Farm News & Views - December 7, 2021
The snow we saw on the mountains here in southwest Colorado in October has mostly disappeared, and along with low water levels in reservoirs that support the Colorado River system, a lot of folks are concerned about whether we’ll see an already bad drought intensify in 2022. Upper Colorado River Basin SNOTEL Snow/Precipitation Update Reports reveal that as of December 6th, southwest Colorado has the lowest snowpack in 22 years with about 30% of the normal snow. The snowpack for this date in 1999 was 30 inches, but by April 1st of 2000 the snowpack was 113% of average. This pattern of boom and bust snow packs, with a winter of low snowpack, followed by two or three years of average or better snowpacks, seemed to be the norm for the last couple of decades. This pattern has worked for water users who depend on reservoirs to level out water supplies. However, over the past five years, we’ve had four winters when snowpack was below average and only the winter of 2019 when the snowpack was above average. So going into the winter of 2022, it’s hard to predict how this winter will play out, considering that we’re in the second year of a La Nina weather pattern that often leaves the southern half of the U.S. dry, while dumping lots of snow across the northern states. But when we compare snowfall over the past 25 years, with the winters when La Nina was in play, it looks like we might make as accurate of a prediction of how much snow to expect this winter using tea leaves as we would by assuming that the 2022 La Nina winter will be dry.
To illustrate how dry it’s been this fall in some parts of Colorado, the National Weather Service has reported that Denver has gone 229 days without measurable snowfall, breaking a record that dates back to 1882. In those 139 years, Denver has never entered December without measurable snow, and the record for the latest first snowfall will likely be set this week if it snows in Denver on Thursday evening as predicted by the National Weather Service. But Colorado looks representative of the rest of the country at the start of meteorological winter on December 1st, with just over 11% of the United States being covered in snow.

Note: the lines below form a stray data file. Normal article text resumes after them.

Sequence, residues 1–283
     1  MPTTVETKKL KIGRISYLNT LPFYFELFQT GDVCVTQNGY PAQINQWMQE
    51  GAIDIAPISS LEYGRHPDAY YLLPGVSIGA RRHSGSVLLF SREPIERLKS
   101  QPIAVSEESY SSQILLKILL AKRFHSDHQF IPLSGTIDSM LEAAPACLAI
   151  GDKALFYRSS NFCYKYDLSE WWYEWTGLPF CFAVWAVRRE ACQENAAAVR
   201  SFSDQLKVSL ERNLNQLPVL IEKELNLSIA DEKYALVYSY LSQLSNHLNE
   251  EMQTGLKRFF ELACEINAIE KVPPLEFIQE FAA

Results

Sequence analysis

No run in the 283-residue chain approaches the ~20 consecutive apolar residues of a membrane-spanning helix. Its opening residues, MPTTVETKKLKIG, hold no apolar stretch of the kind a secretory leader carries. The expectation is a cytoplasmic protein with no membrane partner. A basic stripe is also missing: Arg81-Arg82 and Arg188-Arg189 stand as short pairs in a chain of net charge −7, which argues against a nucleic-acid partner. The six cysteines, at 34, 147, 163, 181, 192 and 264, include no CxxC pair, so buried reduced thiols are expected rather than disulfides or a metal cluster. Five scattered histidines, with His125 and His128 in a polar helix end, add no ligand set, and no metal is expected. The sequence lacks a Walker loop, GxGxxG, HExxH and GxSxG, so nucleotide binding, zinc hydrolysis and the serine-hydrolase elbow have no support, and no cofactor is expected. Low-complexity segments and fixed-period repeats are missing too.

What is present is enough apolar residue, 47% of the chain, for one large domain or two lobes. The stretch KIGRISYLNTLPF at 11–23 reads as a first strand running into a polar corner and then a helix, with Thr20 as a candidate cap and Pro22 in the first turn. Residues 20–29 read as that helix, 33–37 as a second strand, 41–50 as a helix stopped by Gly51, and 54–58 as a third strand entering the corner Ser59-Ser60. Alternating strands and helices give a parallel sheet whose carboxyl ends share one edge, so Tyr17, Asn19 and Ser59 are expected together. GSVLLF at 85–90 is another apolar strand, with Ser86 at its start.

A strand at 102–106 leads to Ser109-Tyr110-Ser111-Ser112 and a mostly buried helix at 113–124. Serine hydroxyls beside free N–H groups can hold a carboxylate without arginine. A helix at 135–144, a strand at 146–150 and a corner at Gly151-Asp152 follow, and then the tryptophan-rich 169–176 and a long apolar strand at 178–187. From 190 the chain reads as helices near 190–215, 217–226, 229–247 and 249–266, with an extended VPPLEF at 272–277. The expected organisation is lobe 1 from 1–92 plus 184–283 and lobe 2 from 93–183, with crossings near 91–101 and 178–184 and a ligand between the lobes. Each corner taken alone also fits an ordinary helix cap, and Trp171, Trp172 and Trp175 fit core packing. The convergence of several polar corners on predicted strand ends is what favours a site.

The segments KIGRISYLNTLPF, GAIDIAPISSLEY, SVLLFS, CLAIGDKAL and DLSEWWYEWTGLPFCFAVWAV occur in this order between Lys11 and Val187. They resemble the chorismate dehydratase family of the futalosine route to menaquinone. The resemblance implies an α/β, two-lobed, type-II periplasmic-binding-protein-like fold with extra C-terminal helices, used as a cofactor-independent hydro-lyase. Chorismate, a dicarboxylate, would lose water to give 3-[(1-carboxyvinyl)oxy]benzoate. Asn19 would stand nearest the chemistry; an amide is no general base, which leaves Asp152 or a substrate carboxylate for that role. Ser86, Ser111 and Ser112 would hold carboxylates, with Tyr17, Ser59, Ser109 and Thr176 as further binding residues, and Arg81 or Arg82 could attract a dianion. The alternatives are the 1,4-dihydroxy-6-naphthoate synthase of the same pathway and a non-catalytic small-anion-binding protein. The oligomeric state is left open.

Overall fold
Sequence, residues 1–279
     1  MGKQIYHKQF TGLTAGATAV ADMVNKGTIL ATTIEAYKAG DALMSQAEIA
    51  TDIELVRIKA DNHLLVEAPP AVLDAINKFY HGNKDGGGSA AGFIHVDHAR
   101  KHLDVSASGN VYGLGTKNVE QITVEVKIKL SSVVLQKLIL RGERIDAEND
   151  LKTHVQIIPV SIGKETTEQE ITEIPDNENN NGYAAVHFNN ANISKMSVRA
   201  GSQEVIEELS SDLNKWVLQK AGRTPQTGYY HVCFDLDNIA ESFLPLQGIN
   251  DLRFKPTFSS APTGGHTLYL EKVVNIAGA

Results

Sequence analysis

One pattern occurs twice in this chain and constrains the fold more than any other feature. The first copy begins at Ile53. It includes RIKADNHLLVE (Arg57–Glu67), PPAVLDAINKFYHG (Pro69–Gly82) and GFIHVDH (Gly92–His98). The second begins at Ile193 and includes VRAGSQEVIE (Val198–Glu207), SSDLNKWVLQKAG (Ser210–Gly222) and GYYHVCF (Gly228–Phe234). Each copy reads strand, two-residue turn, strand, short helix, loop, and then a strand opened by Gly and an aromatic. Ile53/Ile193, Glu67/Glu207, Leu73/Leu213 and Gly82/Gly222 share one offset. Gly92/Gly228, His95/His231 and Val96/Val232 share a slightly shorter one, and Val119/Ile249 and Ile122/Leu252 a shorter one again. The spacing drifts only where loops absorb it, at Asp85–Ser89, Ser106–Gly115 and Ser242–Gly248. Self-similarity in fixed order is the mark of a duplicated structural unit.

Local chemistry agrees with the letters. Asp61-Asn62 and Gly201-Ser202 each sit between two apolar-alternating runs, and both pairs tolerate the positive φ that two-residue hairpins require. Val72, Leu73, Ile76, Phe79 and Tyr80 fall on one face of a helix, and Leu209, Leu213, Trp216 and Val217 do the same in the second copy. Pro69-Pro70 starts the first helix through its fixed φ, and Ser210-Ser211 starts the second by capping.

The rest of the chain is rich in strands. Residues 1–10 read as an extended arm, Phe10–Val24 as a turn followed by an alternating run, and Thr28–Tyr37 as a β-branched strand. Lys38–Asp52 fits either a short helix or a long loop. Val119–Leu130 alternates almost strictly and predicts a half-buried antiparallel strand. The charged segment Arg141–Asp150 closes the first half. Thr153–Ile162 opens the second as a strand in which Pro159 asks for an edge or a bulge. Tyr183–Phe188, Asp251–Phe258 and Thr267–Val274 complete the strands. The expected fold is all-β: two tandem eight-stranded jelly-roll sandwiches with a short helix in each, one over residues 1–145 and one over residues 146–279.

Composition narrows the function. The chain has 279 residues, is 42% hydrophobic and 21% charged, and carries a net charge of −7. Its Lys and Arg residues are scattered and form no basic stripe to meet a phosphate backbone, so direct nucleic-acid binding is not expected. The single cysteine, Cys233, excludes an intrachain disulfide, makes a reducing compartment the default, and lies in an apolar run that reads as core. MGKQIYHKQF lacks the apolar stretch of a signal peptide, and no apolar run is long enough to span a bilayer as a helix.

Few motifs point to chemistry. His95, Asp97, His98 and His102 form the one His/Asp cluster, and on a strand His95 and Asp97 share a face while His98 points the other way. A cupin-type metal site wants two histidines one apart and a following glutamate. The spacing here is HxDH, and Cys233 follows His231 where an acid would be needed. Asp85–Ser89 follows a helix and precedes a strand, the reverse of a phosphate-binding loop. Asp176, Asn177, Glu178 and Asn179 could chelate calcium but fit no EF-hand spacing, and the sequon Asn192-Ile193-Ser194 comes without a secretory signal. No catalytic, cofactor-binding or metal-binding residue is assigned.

As the holidays are fast approaching, it may be nice to know that Christmas tree growers are ready for a big season in 2021. Although there are a lot of shortages across the country, there’s a good supply of real Christmas trees this year according to the National Christmas Tree Association. The Association estimates that approximately 25 to 30 million real trees are sold across the U.S. annually. There’s also some good news for farmers and ranchers that comes from USDA’s Economic Research Service. The recently released 2021 Farm Sector Income Forecast predicts that calendar year 2021 net farm income will be $116.8 billion. That’s a 23% increase from 2020 profits and the highest inflation-adjusted profit level farmers have earned since 2013. The report states that the main driver of this uptick in farm incomes is higher commodity prices.
American humorist Henry Wheeler Shaw, also know as Josh Billings, wrote, “There are lots of people who mistake their imagination for their memory.”